The ADDIE model is the most well-known ISD model, and has stood the test of time. However, it has received it's fair share of criticisms. "First, the ADDIE approach implies that the best approach for design is a linear model. This emphasizes a rigid approach to design. Second, the learning objectives direct design and development resulting in an overemphasis on front-end analysis. Additionally, individuals may consider it to be too time consuming for real world application" (Teall, 2009). The ADDIE model was introduced in 1975, with the Dick and Carey model following behind three years later in 1978. Dick and Carey addressed some of the issues with the original ADDIE model, with the a key component of constant evaluation throughout the process instead of at the end, as ADDIE proposes. This allows for instructional designers to attack problems with design head on and quickly to avoid major problems developing further down the road in the process. Please see the charts and descriptions below for more comparisons between the ADDIE and Dick and Carey models of ISD.

Our group chose to use the Dick and Carey model because our project involves training of adult learners. The Dick and Carey model is commonly used in educational training, as opposed to school-based learning contexts.

Instructional Design Models


There are many different models of the ISD process, but the framework of ADDIE provides a simple overview. ADDIE is short for:
  • Analysis
  • Design
  • Development
  • Implementation
  • Evaluation

Dick and Carey’s Systems Approach to Design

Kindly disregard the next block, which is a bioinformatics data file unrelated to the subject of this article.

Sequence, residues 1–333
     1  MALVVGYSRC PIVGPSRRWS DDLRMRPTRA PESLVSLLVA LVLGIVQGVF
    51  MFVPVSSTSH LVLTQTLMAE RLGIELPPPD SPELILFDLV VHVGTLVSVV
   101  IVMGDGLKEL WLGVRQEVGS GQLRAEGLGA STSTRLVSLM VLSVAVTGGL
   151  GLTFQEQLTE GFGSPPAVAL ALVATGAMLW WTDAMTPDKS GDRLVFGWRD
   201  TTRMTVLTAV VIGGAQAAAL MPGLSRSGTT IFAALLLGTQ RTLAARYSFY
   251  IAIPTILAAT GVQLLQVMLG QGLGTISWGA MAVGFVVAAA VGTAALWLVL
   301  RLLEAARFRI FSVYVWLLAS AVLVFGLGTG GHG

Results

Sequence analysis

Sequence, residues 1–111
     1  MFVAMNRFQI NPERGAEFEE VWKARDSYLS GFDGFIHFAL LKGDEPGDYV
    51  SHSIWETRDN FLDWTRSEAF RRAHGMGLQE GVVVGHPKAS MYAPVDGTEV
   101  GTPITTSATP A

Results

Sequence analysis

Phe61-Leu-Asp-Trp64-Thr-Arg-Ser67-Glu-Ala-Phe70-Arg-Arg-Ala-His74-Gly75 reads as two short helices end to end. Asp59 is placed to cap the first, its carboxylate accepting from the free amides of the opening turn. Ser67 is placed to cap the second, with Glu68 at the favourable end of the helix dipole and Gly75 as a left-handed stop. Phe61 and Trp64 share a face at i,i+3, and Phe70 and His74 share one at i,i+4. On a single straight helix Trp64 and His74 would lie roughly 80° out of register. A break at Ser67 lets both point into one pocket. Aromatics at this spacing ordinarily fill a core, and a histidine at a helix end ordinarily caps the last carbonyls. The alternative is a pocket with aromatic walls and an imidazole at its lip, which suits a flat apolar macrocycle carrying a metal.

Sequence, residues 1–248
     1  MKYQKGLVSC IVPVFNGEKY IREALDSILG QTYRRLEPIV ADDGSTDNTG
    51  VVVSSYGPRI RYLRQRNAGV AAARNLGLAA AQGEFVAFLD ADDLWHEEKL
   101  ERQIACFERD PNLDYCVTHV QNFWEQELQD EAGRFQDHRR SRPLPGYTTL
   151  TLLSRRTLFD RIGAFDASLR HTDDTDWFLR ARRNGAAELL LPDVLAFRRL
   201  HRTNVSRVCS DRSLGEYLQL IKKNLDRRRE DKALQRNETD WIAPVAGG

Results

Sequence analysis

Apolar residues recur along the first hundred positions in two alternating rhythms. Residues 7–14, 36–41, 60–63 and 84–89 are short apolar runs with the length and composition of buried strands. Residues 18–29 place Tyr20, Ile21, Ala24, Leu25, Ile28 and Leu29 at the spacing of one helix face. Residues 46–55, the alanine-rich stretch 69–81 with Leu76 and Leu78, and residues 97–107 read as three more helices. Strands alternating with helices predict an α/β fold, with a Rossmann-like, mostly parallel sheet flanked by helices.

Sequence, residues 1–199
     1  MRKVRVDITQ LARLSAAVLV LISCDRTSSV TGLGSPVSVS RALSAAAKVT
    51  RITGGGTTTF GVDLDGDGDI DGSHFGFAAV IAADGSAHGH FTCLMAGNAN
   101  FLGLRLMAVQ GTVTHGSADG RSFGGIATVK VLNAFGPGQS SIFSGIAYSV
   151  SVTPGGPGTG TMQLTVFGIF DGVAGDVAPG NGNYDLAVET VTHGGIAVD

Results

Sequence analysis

Dick and Carey’s model is a very structured, methodical approach to Instructional Design. It breaks down the design process into smaller steps, balancing the instructional objectives against the entry state of the learners. Two key factors are the early development of assessments and reiterative revision of instruction. The Dick and Carey model prioritizes the development of assessment (an evaluation task), placing it just after the analysis, so that the assessments can help steer the design and development process. The systematic model also recognizes the importance of the iterative refinement of each stage through constant evaluation.


Model Comparison

Dick and Carey's Systems Approach


Identify Instructional Goals
Conduct Instructional Analysis
Analyze Learners and Contexts
Analysis is the process of defining what is to be learned and in what context. Goals of the instruction are determined as well as the entry states of the learners and the learning environment.
Write Performance Objectives
Develop Assessment Instruments
Design is the process of specifying how the material is to be learned. The general goals are specified in performance objectives or learning outcomes. Assessments are created to determine if these objectives are reached.
Develop Instructional Strategy
Develop and Select Instructional Materials
Development is process of producing the instructional materials. The instructional strategy provides a framework for developing each lesson and the instructional materials themselves.
Design and Conduct Formative Evaluation of Instruction
Revise Instruction
Implementation is the process of actually using the materials and strategies in context. Since Dick and Carey constantly refines the instruction during implementation, Formative Evaluation is a part of the this stage.
Design and Conduct Summative Evaluation
Evaluation is the process of determining the effectiveness of the instruction. Summative evaluation is the review of the finished instructional product. Other types of evaluation take place in earlier stages of the Dick and Carey model.


Teall, E. (2009). Constructivist alternatives to ADDIE. In B. Hoffman (Ed.), Encyclopedia of Educational Technology. Retrieved February 15, 2011, from San Diego, CA: SDSU Department of Educational Technology.